Keeping our clients informed of the ever-changing eligibility criteria for public benefits is a big part of my Elder Care Coordinator duties. We all know better than to assume that the services offered and the eligibility standards of public benefits programs will remain static. For the layman, keeping up with the changes to these programs and understanding all the ins and outs is confusing at best and impossible at worst. That’s why it is often necessary to consult a professional for assistance in understanding these complicated programs.
First, a bit of clarification: in Tennessee, the terms Medicaid, TennCare, and CHOICES are synonymous terms. They can be used interchangeably. This is not the case in all states, which may have different programs or may only use the term “Medicaid.” Do not be confused by this abundance of titles; in reality, all three of these programs are one and the same.
Elder Law of East Tennessee clients are especially affected by changes to state-financed long-term care benefits which fall under Tennessee’s CHOICES program. CHOICES offers in-home services, funding for approved adult day care centers, partial payment to approved assisted living facilities, and full funding for long-term care in a nursing home. In 2012, in order to qualify for CHOICES, Tennesseans have had to meet some strict financial and functional guidelines. In a February 12, 2012 presentation, TennCare outlined new eligibility requirements set to take effect in July of 2012. Prior to July 2012, individuals with only one deficit in activities of daily living (ADLs) met the functional eligibility criteria for CHOICES. According to TennCare, this standard is substantially more generous than most other states. The new eligibility criteria which will bring Tennessee in line with most other states are as follows:
• Functional deficits in four ADL areas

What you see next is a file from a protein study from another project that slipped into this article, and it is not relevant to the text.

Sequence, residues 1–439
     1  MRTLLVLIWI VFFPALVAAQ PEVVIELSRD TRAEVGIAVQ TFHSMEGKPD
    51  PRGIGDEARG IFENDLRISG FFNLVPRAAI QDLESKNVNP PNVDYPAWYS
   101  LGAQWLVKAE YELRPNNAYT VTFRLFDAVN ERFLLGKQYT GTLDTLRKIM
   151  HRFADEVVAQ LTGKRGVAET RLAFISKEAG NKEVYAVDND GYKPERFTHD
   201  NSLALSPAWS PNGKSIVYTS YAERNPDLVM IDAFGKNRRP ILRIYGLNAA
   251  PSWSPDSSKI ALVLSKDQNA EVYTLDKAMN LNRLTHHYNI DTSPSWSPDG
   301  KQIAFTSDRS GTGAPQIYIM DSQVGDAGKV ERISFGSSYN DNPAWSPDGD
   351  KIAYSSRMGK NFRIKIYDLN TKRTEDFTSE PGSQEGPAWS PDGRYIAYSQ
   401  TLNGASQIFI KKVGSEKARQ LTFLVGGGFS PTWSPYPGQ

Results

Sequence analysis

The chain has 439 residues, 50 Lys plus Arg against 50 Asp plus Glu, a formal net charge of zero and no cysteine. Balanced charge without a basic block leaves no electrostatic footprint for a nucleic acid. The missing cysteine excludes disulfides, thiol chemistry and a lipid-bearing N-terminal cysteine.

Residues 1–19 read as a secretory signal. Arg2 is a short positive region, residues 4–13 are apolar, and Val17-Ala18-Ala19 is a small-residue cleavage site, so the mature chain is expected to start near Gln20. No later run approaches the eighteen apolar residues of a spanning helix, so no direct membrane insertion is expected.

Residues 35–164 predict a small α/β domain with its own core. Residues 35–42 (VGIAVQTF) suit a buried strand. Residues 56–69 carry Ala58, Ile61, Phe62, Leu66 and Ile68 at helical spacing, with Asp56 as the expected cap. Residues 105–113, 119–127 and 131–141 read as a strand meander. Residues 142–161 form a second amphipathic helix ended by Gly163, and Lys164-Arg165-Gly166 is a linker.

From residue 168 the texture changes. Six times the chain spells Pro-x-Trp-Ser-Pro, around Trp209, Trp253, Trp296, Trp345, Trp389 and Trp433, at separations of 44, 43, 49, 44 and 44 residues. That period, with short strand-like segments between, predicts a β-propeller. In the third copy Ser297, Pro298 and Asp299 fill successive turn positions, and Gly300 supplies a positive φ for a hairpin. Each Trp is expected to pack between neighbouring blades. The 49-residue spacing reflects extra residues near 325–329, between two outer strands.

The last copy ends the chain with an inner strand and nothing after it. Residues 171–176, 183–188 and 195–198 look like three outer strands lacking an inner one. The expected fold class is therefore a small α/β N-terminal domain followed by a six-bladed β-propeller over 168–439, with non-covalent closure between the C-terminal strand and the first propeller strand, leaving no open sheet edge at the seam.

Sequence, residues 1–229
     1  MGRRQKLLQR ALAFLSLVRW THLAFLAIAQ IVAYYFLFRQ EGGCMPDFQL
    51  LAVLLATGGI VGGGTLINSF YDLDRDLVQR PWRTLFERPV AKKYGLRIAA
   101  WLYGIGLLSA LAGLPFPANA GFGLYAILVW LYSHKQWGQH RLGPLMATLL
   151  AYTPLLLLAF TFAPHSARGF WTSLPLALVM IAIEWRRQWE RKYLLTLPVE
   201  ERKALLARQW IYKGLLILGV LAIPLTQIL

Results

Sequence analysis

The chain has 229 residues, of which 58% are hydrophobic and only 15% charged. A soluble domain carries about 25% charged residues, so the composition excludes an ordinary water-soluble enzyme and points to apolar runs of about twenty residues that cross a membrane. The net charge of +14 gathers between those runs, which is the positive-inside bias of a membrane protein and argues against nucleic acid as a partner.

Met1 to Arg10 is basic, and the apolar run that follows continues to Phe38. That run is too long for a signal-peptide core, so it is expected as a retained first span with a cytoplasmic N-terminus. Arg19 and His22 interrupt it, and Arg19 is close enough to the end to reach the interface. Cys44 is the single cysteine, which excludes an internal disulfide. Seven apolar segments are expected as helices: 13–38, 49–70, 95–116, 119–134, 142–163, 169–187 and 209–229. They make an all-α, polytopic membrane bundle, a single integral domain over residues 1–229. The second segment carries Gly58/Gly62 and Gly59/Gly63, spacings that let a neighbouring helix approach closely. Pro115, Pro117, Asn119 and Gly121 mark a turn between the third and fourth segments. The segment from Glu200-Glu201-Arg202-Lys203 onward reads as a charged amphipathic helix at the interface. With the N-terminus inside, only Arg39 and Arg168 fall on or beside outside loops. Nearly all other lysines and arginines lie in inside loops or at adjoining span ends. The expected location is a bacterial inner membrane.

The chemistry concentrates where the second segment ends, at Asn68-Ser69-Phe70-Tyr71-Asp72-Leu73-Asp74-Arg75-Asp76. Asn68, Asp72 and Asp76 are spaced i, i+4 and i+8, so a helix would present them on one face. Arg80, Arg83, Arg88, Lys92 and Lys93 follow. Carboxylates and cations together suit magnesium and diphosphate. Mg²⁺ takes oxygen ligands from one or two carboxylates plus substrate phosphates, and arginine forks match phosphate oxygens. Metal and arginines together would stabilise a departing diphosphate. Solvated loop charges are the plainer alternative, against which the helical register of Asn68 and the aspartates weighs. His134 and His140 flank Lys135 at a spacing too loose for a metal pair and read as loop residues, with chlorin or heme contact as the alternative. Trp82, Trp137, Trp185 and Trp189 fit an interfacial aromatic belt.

• ADL deficit and related clinical criteria will be weighted on a scale of 0 – 5 depending upon the type and amount of assistance required.
• The applicant’s cumulative score represents their acuity of need.
• Establishes a minimum acuity score for nursing home (NH) admission or for home and community based services (HCBS).
• The new eligibility criteria apply only to applicants after July 1, 2012.
• Existing CHOICES beneficiaries will be grandparented in.
This is what we know. There is a lot we still don’t know. For example, it is unclear how the weighting formula will work. We haven’t seen the evaluation tool. We don’t know if there might be variability among evaluators. We don’t know what the triggering score might be. Of course, our concern is that nursing home admission may become even more difficult for our clients, or that those who want to avoid nursing home placement and desperately need community based services or help with the cost of assisted living will suffer. It is unfortunate that these changes to TennCare seem to have been enacted without any public discussion with the Tennessee taxpayers who underwrite them.
I will be attending programs in the near future where I hope to get clarification on some of the unknowns. Please don’t hesitate to give me a call even if you are not a current Elder Law of East Tennessee client (865-951-2410). I will be happy to share what I learn along the way. It is always our goal to be good advocates for our clients and to help them get the care they need and rightfully deserve.